Was it? In 1865, when Rockefeller’s market share was still minuscule, a gallon of kerosene cost 58 cents. In 1870, Standard’s market share was 4%, and a gallon cost 26 cents. By 1880, when Standard’s market share had skyrocketed to 90%, a gallon cost only 9 cents — and a decade later, with Standard’s market share still at 90%, the price was 7 cents. These data point to the real cause of Standard Oil’s success — its ability to charge the lowest prices by producing kerosene with unparalleled efficiency.

John D. Rockefeller had a rare business mind. He was at once a visionary, foreseeing a world in which his kerosene illuminated millions of homes, and an accountant obsessed with day-to-day penny-pinching. Upon buying his first refinery in 1863 at the age of 23, Rockefeller started optimizing every part of his business, from his storage facilities to his refining methods to the number of non-kerosene-refined products (waxes, lubricants, etc.) that could be squeezed from every barrel.

In pursuit of efficiency, Rockefeller employed then-rare business strategies such as vertical integration and economies of scale. For example, by purchasing his own forest and producing his own barrels, Rockefeller lowered per-barrel costs from $3 to $1 while increasing reliability and quality. To transport oil, Rockefeller obtained large rebates from railroads, not through corrupt conspiracies (the typical explanation) but by dramatically lowering the railroads’ costs. Where others offered railroads unreliable, highly variable traffic, Rockefeller offered guaranteed daily fleets of Standard-owned tank cars, loaded and unloaded by Standard-provided facilities, for straight-line trips from Cleveland to New York. The Lake Shore Railroad’s James Devereux testified that Standard Oil lowered transport costs from $900,000 to $300,000 a trip.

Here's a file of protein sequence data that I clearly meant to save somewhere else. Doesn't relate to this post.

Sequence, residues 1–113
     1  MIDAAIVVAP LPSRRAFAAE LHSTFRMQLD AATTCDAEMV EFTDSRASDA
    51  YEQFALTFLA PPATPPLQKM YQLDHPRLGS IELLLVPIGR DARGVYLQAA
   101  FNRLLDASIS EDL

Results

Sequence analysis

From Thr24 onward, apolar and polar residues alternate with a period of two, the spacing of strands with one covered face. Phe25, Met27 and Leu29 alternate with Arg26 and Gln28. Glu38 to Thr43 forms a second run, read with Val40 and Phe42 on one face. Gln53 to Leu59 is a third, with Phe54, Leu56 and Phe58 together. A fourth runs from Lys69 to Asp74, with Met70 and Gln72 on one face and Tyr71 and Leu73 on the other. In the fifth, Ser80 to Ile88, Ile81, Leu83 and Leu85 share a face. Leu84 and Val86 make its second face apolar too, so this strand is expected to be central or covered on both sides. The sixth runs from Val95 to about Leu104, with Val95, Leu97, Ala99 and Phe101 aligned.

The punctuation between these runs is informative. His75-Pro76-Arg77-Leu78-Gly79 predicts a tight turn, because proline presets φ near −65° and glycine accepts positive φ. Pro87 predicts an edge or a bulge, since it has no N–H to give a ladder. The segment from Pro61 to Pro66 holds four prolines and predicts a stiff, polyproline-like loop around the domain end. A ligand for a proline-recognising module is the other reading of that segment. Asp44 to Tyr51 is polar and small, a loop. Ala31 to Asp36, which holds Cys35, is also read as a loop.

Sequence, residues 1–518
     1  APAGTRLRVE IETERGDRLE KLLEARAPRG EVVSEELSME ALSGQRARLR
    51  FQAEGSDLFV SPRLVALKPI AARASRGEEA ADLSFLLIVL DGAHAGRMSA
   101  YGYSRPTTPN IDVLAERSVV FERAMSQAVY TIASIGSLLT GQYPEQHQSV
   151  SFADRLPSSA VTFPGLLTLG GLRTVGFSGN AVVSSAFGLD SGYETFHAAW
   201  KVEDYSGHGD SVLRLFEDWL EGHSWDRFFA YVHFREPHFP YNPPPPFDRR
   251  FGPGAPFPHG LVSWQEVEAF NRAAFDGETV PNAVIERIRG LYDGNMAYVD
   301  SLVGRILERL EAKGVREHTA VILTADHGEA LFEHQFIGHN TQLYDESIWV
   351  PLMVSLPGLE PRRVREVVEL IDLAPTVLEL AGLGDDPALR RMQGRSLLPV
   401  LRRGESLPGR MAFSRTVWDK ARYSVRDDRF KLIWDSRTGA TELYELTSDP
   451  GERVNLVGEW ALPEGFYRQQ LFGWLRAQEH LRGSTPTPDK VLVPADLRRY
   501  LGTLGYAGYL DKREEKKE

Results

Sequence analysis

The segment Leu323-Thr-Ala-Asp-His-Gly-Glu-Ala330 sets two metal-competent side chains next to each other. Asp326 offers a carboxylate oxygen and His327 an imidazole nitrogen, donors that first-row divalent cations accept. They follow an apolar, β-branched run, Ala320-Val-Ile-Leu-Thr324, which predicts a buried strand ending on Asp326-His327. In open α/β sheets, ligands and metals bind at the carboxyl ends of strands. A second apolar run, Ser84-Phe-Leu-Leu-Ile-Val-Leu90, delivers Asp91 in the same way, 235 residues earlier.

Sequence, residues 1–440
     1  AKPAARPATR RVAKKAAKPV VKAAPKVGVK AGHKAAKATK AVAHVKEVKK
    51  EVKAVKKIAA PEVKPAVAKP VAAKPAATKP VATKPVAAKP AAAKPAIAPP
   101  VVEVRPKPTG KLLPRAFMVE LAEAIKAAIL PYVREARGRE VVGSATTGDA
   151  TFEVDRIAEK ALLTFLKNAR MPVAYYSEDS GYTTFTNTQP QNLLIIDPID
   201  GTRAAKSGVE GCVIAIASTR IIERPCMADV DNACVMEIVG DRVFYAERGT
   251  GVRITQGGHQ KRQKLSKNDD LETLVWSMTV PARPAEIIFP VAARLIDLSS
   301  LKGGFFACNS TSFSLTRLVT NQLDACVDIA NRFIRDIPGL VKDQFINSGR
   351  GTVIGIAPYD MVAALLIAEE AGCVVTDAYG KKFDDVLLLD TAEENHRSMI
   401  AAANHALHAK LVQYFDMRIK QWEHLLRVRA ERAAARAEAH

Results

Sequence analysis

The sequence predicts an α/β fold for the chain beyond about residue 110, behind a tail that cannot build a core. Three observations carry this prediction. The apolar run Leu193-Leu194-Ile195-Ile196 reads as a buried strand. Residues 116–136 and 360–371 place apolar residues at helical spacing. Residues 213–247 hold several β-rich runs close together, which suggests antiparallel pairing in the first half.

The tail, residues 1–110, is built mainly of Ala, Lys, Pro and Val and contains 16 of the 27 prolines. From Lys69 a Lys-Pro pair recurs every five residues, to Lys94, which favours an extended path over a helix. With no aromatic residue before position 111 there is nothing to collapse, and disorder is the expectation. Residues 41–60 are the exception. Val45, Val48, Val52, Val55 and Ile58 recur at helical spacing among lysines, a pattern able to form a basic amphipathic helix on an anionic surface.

Rockefeller was simply a man ahead of his time — and his competition. In the 1860s, refining was a comfortable business; high demand for kerosene plus low supply of refining capacity made for hefty profit margins, even for outfits with mediocre efficiency. Rockefeller, foreseeing that refining capacity would grow to meet demand, was prepared for much lower prices; others weren’t. By 1871, refining capacity exceeded oil production, and three-quarters of the industry was losing money.

Rockefeller saw an opportunity to buy out competitors and put their talent and assets to more efficient use. Rockefeller would typically show his books to a prospect, wait for him to be “thunderstruck” (as one observer put it) by Standard’s efficiency, and then make a reasonable offer. If a target resisted, Rockefeller would win over their customers by charging a low price that was profitable for Standard but extremely unprofitable for others.


Read more: http://dailycaller.com/2011/05/13/vindicating-standard-oil-100-years-later/#ixzz1MWIZCQLW

The continuation of finding oil brought the price down for consumers. Whale oil (which was diminishing hence the high prices) was the main constituent of a new industrial economy then mineral oil. In the mean time, Standard Oil continually used its market muscle to capture that part of the economy for themselves and every new find of oil was weaseled out of the finders in various ways, increased rail road rates for getting the oil to market etc.

Monopolies can be the cheapest at getting a product out because they usually decrease the number of profit centers and consolidate them. In the mean time, they use their market power to capture all the business opportunities. How would you like it if a cattle baron did that to your business--- paying you less for your cattle or spreading a rumor to get you to sell for less etc.?

Monopolies usually use their market power to extract monopoly profits where they can. They don't do it everywhere because in some places they are playing the competition game to run out competitors.

There is a real good book on these economic issues and how a few very wealthy men, The Robber Barons, captured much of the nation's transportation, financial and other industries for themselves. They became super wealthy at the expense of society and free markets working to produce an economy that works for everyone in it, not just a select few Robber Barons.

The anti trust laws were born out of these abuses and what it did to the economy. It was the lessons learned of following the richest in their attempt to capture the economy for themselves through the lowest price game. It is too bad we have to revisit those same lessons even today.

Tex